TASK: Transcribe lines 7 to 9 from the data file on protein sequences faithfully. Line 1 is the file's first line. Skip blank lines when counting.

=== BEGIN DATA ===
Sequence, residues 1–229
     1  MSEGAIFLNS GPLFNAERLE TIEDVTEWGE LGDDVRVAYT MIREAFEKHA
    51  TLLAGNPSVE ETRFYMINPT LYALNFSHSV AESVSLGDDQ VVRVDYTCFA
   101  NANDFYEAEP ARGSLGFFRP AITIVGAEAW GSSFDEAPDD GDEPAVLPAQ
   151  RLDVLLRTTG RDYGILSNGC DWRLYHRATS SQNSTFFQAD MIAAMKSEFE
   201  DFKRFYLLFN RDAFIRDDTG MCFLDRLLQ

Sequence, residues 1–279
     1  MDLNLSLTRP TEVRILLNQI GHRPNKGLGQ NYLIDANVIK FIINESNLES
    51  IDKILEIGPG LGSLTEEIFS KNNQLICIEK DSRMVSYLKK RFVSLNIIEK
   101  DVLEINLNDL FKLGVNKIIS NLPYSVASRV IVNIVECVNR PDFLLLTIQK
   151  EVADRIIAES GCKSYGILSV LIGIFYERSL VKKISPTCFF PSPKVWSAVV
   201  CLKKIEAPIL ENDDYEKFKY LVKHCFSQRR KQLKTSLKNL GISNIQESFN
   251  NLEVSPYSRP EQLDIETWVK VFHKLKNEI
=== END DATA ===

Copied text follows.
Sequence, residues 1–279
     1  MDLNLSLTRP TEVRILLNQI GHRPNKGLGQ NYLIDANVIK FIINESNLES
    51  IDKILEIGPG LGSLTEEIFS KNNQLICIEK DSRMVSYLKK RFVSLNIIEK